When Amy Stockwell Mercer was diagnosed with type 1 diabetes in 1985 at the age of 14, there were no online forums to turn to. No support blogs, chat rooms, or WebMD. There weren’t even any books on the topic at her school library. Mercer was overwhelmed by her new illness and underwhelmed by the amount of information available on it, and it was then that she decided to one day write a book on diabetes.
Twenty-six years later, Mercer, a City Paper contributor, has made her adolescent dream a reality with the publication of The Smart Woman’s Guide to Diabetes, released by Demos Health earlier this month. Mercer interviewed more than 100 people for the book, which includes personal anecdotes, stories from other diabetic women, and advice from health professionals on living with the chronic disease, which occurs when the pancreas doesn’t produce enough insulin to control blood sugar levels. Chapters deal with pregnancy, fertility issues, and the dangers of birth defects; the challenges of traveling, including working around time zones and air travel; and managing aging and adolescence.
As a teenager, Mercer relied on her doctor to give her the information that she needed, and she was continually frustrated by those limitations. “I had to relearn how to live, how to eat, how to do all kinds of basic functions,” she says. “It was a tough diagnosis, certainly.” Back then, the biggest challenge was learning to live on a strict schedule. “In order to live well with diabetes, you really have to live a fairly scheduled life, which is easier for me now as a 40-year-old mom, but it was tough as a 14-year-old girl,” she says. “And it really felt like something had been done to me.
“I rebelled against it and didn’t want to live the way I was told I had to live,” she adds. “It was a long time before I started taking care of myself.”
While training for a marathon and, eventually, giving birth to three sons, Mercer continued to think about her book and started fleshing out her ideas. She initially considered writing an anthology, then moved toward a memoir. She started sharing ideas with publishers, and just a week after earning her Creative Writing MFA from Queens University in Charlotte, Demos Health accepted her pitch for the book in its current comprehensive format.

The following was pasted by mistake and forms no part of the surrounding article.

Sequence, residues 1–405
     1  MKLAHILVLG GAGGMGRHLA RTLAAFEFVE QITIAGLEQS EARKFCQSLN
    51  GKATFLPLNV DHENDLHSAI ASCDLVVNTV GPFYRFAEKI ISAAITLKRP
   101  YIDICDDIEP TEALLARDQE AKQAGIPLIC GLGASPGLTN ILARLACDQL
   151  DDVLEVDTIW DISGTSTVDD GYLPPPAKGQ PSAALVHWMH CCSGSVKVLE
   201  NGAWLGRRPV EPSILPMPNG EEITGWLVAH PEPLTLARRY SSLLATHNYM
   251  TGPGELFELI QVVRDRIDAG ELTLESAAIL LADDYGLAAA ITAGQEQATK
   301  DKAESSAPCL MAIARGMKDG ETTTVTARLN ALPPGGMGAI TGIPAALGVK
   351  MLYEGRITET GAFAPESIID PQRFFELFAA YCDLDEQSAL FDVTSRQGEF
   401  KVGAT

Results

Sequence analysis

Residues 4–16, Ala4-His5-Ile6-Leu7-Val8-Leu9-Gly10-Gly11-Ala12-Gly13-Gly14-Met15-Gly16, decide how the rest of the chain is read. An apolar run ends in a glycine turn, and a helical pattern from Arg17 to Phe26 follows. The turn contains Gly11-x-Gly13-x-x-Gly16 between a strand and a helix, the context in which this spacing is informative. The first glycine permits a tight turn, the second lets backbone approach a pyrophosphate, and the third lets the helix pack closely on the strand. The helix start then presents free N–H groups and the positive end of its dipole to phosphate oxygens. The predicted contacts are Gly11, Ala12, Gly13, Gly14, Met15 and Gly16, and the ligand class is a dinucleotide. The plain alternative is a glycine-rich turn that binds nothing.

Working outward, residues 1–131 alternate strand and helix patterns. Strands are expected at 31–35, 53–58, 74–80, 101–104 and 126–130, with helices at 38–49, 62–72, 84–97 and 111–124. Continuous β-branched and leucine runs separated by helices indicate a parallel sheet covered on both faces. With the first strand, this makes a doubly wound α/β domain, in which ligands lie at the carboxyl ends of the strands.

Mercer started reaching out to women she had met on diabetes forums and websites, resulting in a domino effect until she had dozens of inspiring sources. One example is triathlete Mari Ruddy, founder of the Red Rider Recognition Program and Team WILD (Women Inspiring Life with Diabetes). After watching her father struggle with managing his type 1 diabetes, Ruddy was afraid to be athletic, but she eventually learned to safely maintain an active lifestyle. Another source was Rachel Garlinghouse, who learned to put her health first for the benefit of her family. Mercer says the act of putting yourself first feels unnatural for many women, but it’s an important part of living with diabetes.
“Because diabetes is a big time commitment, it takes focused attention every day,” Mercer says. “I think the biggest challenge for women is balancing their life and making time for themselves. In order to live well with diabetes, you’ve got to make yourself a priority, and I think a lot of women put themselves last whether they’re mothers or they put their work first or whatever.”
Ultimately, writing the book finally helped Mercer shrug off the frustration that had been following her since her diagnosis.
“The thing that surprised me the most is what an emotional journey it was,” she says. “I almost don’t care whether or not it sells, because it was such an unbelievable journey. Just talking to these different women changed my whole perspective. I think I’ve matured in how I take care of myself over the years, but I think when I began the book, I had mixed feelings about living with diabetes and a lot of it was anger and bitterness. When I finished the book, it really changed my perspective. I stopped feeling sorry for myself and have started thinking about ways to take care of myself instead of being angry about living with the illness, trying to be kinder to myself. And that was a direct result of having talked to all of these amazing women.”